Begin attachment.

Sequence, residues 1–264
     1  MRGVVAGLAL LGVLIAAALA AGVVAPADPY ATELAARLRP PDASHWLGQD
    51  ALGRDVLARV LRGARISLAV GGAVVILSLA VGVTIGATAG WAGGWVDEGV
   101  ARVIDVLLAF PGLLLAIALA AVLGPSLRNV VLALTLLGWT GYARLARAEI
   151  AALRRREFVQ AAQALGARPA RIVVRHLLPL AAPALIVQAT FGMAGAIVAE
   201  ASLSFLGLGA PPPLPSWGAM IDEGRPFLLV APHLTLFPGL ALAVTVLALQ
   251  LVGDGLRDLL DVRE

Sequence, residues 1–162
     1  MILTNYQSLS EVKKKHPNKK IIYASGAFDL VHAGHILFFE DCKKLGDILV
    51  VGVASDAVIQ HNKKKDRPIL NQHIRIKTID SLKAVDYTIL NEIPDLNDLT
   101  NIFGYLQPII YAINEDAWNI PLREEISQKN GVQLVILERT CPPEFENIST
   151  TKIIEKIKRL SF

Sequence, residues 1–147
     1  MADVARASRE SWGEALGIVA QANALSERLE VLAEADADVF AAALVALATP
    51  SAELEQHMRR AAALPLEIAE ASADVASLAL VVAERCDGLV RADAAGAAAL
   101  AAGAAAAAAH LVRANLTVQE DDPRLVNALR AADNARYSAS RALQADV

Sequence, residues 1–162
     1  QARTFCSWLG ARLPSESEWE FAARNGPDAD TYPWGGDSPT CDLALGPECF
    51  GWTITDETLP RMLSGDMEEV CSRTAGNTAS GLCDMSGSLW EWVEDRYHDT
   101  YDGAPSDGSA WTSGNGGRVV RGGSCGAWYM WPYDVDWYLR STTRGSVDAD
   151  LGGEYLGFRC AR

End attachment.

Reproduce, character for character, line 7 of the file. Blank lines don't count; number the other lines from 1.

   251  LVGDGLRDLL DVRE